Efficacy and Pharmacokinetics of Bacteriophage Therapy in Treatment of Subclinical Staphylococcus aureus Mastitis in Lactating Dairy Cattle†
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Bovine mastitis is an inflammation of the udder caused by microbial infection. Mastitis caused by Staphylococcus aureus is a major concern to the dairy industry due to its resistance to antibiotic treatment and its propensity to recur chronically. Growing concerns surrounding antibiotic resistance have spurred research into alternative treatment methods. The ability of lytic S. aureus bacteriophage K to eliminate bovine S. aureus intramammary infection during lactation was evaluated in a placebo-controlled, multisite trial. Twenty-four lactating Holstein cows with preexisting subclinical S. aureus mastitis were treated. Treatment consisted of 10-ml intramammary infusions of either 1.25 x 10(11) PFU of phage K or saline, administered once per day for 5 days. The cure rate was established by the assessment of four serial samples collected following treatment. The cure rate was 3 of 18 quarters (16.7%) in the phage-treated group, while none of the 20 saline-treated quarters were cured. This difference was not statistically significant. The effects of phage intramammary infusion on the bovine mammary gland were also studied. In healthy lactating cows, a single infusion of either filter-sterilized broth lysate or a CsCl gradient-purified phage preparation elicited a large increase in the milk somatic cell count. This response was not observed when phage was infused into quarters which were already infected with S. aureus. Phage-infused healthy quarters continued to shed viable bacteriophage into the milk for up to 36 h postinfusion. The phage concentration in the milk suggested that there was significant degradation or inactivation of the infused phage within the gland.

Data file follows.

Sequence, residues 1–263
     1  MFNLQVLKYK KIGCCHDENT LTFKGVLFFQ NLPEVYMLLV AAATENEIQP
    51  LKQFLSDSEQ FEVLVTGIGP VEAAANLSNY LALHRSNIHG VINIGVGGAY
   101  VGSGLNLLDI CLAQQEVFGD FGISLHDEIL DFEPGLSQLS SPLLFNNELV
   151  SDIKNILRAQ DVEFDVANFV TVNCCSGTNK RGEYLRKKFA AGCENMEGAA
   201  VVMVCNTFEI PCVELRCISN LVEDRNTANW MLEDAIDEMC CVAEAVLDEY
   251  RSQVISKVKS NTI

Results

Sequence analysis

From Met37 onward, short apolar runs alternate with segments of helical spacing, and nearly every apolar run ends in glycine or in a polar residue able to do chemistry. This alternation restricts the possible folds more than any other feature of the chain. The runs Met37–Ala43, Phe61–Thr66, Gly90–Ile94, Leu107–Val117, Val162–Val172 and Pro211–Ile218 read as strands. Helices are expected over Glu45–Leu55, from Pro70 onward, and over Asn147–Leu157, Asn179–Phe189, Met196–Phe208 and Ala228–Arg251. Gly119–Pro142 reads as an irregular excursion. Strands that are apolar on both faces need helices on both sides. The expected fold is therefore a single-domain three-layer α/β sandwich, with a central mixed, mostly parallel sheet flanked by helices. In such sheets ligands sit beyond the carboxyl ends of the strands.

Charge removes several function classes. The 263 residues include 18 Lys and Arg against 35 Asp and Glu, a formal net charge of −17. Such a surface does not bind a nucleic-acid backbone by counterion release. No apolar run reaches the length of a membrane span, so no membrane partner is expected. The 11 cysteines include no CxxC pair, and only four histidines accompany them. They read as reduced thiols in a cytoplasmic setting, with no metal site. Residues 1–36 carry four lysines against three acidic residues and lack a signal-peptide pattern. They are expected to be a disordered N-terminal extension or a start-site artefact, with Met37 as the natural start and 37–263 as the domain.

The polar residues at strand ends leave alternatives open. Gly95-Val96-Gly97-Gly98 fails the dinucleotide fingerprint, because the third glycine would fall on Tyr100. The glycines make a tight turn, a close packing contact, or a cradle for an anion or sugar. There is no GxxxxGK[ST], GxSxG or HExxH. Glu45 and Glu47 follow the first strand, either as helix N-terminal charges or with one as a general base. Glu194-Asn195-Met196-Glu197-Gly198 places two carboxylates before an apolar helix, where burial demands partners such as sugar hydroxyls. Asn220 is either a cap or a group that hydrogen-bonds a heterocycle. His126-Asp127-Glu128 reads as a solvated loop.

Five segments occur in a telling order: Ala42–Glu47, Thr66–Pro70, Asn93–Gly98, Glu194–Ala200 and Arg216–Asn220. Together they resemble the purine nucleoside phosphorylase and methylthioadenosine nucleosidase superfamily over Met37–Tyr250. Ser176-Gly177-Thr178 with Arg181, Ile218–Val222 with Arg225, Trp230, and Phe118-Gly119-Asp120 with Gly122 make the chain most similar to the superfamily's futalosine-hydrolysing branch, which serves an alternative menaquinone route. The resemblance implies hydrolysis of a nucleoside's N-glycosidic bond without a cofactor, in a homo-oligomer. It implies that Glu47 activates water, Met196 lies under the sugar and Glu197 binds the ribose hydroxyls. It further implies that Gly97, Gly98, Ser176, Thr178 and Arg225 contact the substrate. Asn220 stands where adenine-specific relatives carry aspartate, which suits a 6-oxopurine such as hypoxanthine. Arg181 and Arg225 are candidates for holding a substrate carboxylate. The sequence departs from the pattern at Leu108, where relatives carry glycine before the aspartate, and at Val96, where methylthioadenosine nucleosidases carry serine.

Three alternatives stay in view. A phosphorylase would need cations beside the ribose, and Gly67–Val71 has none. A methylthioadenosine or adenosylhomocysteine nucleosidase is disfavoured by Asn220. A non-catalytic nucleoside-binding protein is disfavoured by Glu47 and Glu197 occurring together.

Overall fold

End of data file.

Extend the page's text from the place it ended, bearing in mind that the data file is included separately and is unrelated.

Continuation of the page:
author list (cited authors)
Gill, J. J., Pacan, J. C., Carson, M. E., Leslie, K. E., Griffiths, M. W., & Sabour, P. M.